How to Create and Read an Income Statement¹

How to Create and Read an Income Statement

An Income Statement is a vital report for any business, large or small. This report is essentially the scoreboard for your business. It tells you if you won (made a profit) or lost (didn’t make a profit) and by how much. This report can be used to compare how your business did in one period to a prior period to see if your business is improving.

The Income Statement is a report for a specific period of time (for example, a month, quarter or year) and it tells you three main things about a business for that time period:

  1. How much the business made in sales;
  2. How much the business spent in expenses;
  3. How much the business profited.

This report works closely with the Balance Sheet, another vital report for your business. The Balance Sheet states the health of the company from a financial standpoint at a given moment in time. The Income Statement states the overall performance of the company from an operational standpoint. Some transactions in your business could affect the Income Statement and Balance Sheet at the same time. The Income Statement is also sometimes referred to as a Profit & Loss Statement, or simply a P&L.

How to Create an Income Statement

As mentioned earlier, the Income Statement tells us three main things, how much the business made in sales, how much the business spent in expenses and how much the business profited (or lost). These three areas make up the three sections of the Income Statement. How much the business made makes up the Revenue section, how much the business spent makes up the Expenses section, and the profit (or loss) is simply the Revenue total less the Expense total.

Here is what a basic example of an Income Statement would look like for the entire year of 2017.

REVENUE

Sales (Department A)

$5,000

Sales (Department B)

$7,000

Cost of Goods Sold

($3,000)

Total Revenue

$9,000

EXPENSES

Payroll

$3,000

Utilities

$1,000

Supplies

$2,000

Rent

$1,000

Total Expenses

$7,000

Profit (Loss)

$2,000

How to Read an Income Statement

Using our example above, this company’s total revenue was $9,000. If we subtract out total expenses of $7,000 we get the net income (or profit) of $2,000. This example is a very basic Income Statement; however, most Income Statements for a business will follow this same format.

  • Revenue Section: This section is used to record all revenue that was earned during the time period of the Income Statement. You could group each major revenue item by department, division, product category, or whatever makes sense for your business.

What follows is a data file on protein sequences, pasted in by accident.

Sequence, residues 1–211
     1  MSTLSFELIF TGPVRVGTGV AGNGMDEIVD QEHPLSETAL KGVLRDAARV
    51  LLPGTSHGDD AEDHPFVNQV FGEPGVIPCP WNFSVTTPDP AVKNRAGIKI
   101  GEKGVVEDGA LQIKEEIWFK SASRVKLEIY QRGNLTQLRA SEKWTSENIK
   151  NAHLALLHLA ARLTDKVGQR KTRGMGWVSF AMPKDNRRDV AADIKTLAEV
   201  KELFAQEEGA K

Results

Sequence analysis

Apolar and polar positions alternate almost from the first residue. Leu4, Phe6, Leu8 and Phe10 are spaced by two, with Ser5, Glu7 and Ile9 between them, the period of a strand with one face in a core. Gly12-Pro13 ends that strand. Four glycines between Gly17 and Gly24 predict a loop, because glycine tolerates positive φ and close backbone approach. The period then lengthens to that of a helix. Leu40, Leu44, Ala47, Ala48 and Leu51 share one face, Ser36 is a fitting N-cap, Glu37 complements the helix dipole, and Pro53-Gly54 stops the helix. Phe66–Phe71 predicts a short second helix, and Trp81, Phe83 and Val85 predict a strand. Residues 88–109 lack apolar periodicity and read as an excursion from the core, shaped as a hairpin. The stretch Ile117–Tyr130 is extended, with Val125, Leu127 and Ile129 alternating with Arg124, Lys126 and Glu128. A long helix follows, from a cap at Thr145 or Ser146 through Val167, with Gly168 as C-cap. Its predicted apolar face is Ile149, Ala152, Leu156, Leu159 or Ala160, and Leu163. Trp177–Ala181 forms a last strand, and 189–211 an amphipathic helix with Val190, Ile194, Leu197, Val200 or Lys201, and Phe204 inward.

You may have noticed that the Cost of Goods Sold section is in the revenue section and is a negative amount. The Cost of Goods sold is the total costs of a product or service that was sold during the specific time period of the Income Statement. The Cost of Goods Sold (or COGS) is generally located in the Revenue section of the Income Statement because it is tied directly with sales. It is generally a best practice to associate expenses that tie directly to sales and place them in the Revenue section of the Income Statement. In other words, if the sale never took place then the expense wouldn’t have either.
  • Expense Section: This section is used to record all expenses that were incurred during the time period of the Income Statement. Each expense is usually grouped by a major category, or expense account. Popular expense accounts would be payroll, utilities, supplies, rent, advertising, interest expense, or equipment.

One of the major benefits of the Income Statement is that you can compare the statement for one period to a prior period to see if you improved. For example, let’s compare the Income Statement above for the year 2017 to our Income Statement for the year 2016.

2017

2016

REVENUE

Sales (Department A)

$4,000

$5,000

Sales (Department B)

$9,000

$7,000

Cost of Goods Sold

($3,000)

($3,000)

Total Revenue

$10,000

$9,000

EXPENSES

Payroll

$4,000

$3,000

Utilities

$1,000

$1,000

Supplies

$5,000

$2,000

Rent

$1,000

$1,000

Total Expenses

$11,000

$7,000

Profit (Loss)

($1,000)

$2,000

As you can see, by comparing to a prior period you can gain insight into the operations of the business. Even though total revenue declined by $1,000 the company was able to make up for the difference by decreasing their total expenses. They were able to improve their bottom line, Profit (Loss), by $3,000.

The Income Statement is a very useful tool in gauging how well your business is doing by understanding how much you made in sales, how much you spent, and by how much you profited. By also comparing the Income Statement to prior periods you can gain some insight into areas where you can improve.